I've been doing some more research on classic-era packing options. For years I've been using spanish moss and wood excelsior as a packaging material, since it looked nice, was readily available, and seemed plausibly period. It was only while finishing up the "Deep One" fetus project
that I actually started to wonder just how period it was.
Yes, I'm aware such thoughts are probably a sign of incipient madness. Heh.
I had originally believed there wouldn't be much material on the subject available, but that turned out to totally wrong. There's a huge amount of surviving literature, most of it targeted at commercial shippers. That includes not only manufacturers and producers, naturally interested in getting their products to market without damage, but the entire shipping industry itself, commonly referred to as the express trade.
In general, and this was a real surprise, small packages in the 1920s were done exactly as they are today- a corrugated cardboard box filled with cushioning material. This period ad demonstrates that nearly every type of package available today was around in the classic era.
Notice anything missing from those boxes? Packing tape. Gummed tape was available, but it wasn't regularly used because of issues with moisture and abrasion resistance. Cardboard boxes were held shut with twine or strapping, giving us the familiar image of a package wrapped in kraft paper and twine. It would be years before tape would replace twine as the go-to closure method.
In almost every case the cushioning material filling those cardboard boxes was excelsior or wood wool made from fine wood shavings. It was cheap and readily available, produced in both formed sheets and loose bales at mills across the United States.
Because excelsior can be somewhat abrasive items were frequently wrapped in lightweight paper before being nestled inside the fibers. This was usually tissue paper or newsprint, available in both sheets and rolls to professional shippers. Old newspapers were the wrapping of choice for consumer packages. In most large cities there were multiple papers printing both a morning and evening edition, so there was a huge supply available for recycling.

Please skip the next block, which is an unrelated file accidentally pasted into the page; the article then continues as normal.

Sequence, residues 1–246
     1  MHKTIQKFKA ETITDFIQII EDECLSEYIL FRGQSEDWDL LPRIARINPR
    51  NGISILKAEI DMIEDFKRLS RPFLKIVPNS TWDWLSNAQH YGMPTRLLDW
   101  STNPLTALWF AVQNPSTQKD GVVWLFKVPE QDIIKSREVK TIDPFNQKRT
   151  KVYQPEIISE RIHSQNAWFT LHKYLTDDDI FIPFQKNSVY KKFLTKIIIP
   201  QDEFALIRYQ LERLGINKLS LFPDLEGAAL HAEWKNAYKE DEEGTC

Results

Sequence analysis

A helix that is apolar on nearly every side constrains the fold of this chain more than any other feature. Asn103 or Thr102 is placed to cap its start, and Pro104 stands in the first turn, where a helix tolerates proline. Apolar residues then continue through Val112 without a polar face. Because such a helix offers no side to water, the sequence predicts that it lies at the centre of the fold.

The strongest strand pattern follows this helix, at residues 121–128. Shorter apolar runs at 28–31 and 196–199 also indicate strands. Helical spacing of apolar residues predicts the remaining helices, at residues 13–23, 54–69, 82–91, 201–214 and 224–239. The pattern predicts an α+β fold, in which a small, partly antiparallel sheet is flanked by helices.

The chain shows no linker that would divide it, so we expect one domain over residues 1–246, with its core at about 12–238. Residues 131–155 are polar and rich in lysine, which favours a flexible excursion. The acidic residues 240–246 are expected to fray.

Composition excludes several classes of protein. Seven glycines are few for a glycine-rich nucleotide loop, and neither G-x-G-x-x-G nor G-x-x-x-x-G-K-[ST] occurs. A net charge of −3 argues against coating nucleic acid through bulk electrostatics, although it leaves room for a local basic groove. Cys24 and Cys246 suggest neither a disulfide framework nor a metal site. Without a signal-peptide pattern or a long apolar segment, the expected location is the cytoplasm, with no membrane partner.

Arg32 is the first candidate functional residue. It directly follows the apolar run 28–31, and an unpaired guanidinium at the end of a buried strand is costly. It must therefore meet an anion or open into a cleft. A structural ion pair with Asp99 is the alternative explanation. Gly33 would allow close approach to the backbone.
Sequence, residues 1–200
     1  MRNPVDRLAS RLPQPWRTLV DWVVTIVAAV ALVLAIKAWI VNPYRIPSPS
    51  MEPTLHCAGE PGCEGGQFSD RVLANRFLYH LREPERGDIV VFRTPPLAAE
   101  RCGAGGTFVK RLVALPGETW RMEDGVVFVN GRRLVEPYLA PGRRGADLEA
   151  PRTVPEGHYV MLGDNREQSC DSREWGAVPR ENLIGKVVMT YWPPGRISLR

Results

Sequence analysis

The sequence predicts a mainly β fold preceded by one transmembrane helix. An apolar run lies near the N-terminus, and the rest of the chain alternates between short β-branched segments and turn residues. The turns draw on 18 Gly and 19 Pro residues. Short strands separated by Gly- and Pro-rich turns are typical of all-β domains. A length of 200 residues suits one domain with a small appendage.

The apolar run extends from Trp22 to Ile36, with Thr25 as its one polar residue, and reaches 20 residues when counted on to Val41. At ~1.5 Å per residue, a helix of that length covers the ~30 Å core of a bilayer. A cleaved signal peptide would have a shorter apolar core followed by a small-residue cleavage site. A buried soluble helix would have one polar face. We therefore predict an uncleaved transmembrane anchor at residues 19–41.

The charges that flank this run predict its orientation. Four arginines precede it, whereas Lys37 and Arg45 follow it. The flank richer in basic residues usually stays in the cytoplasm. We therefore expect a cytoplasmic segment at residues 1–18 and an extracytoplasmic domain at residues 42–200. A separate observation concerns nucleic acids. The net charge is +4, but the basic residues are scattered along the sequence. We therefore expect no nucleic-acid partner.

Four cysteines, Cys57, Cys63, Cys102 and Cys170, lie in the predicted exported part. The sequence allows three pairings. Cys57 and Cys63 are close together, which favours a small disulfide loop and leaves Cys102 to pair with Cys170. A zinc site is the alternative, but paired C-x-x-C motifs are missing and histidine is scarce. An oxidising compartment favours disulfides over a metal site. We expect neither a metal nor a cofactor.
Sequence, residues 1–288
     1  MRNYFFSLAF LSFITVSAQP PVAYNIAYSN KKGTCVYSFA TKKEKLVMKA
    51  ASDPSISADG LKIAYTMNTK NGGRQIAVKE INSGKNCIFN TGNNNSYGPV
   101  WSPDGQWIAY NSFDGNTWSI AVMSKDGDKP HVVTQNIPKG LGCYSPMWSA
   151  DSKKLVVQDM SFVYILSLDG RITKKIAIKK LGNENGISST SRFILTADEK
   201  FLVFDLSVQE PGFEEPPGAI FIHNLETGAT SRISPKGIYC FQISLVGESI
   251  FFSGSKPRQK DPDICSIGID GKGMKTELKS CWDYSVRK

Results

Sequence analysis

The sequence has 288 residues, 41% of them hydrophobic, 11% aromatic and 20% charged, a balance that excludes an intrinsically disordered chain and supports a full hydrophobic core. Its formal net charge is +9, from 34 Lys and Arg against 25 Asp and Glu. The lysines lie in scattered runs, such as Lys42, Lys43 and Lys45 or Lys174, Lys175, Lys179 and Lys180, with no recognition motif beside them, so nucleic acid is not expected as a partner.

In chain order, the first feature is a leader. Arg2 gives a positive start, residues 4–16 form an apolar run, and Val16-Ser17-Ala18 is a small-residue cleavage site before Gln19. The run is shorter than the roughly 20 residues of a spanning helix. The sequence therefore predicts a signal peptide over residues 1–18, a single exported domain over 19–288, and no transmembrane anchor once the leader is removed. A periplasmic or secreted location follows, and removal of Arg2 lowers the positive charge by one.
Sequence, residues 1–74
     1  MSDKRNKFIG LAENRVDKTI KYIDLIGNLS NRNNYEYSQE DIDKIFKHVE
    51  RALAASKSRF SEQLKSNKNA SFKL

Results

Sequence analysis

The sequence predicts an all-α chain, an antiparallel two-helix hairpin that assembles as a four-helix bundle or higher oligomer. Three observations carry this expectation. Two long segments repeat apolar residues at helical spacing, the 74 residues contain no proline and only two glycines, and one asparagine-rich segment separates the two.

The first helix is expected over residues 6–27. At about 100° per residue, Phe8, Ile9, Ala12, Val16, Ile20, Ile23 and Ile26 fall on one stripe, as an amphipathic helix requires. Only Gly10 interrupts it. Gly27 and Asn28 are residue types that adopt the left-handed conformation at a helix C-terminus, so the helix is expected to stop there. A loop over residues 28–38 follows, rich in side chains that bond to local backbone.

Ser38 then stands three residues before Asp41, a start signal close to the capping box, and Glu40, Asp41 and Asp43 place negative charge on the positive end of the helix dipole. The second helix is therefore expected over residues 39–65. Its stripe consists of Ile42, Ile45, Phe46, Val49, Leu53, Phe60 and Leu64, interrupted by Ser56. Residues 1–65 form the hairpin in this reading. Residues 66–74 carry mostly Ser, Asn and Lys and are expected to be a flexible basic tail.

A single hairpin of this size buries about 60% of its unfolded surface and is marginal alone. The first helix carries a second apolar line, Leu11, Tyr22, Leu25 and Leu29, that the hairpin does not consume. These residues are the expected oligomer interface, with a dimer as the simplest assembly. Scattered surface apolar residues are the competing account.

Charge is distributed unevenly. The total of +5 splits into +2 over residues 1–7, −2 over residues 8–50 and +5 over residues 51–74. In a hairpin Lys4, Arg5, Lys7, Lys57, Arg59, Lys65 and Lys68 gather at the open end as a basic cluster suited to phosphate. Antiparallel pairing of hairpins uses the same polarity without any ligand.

The wooden shipping crate filled with excelsior we've seen in so many movies was normally limited to extremely delicate items, like glassware, or particularly dense objects along the line of machine parts. Crating only made economic sense when the added protection and weight, and hence cost, was a fractional expense compared to the value of the item.
What's really interesting is just how advanced crate technology was. I know that sounds like an oxymoron. After all, a crate is just a wooden box. But there was a huge variety of crates available, each tailored for a specific purpose using sophisticated construction techniques. The familiar box made of nailed together boards was only the most basic type. By the early 20s manufacturers had perfected the use of lightweight plywood in box construction and were beginning to use ultra-thin wood panels reinforced by internal pressure. In some cases compression was mitigated using tightly packed excelsior, but they were also using "springs" made from bowed wooden struts. Box skins were also being tensioned using strapping and twist-bound wire.
I've probably spent more time looking into this than the subject really deserved, but I started to find it interesting in and of itself. One thing that comes up again and again when researching classic era technology is how often we underestimate it's capabilities. I never would have thought that the myriad of shipping boxes on the shelves today were available back in the 20s, much less in substantially identical form.